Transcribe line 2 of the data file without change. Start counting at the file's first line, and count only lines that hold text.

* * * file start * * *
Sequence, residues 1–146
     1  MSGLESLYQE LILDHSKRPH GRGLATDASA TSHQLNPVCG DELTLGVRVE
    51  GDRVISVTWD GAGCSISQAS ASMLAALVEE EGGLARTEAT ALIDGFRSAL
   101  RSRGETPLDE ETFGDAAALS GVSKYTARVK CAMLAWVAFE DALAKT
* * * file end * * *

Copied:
     1  MSGLESLYQE LILDHSKRPH GRGLATDASA TSHQLNPVCG DELTLGVRVE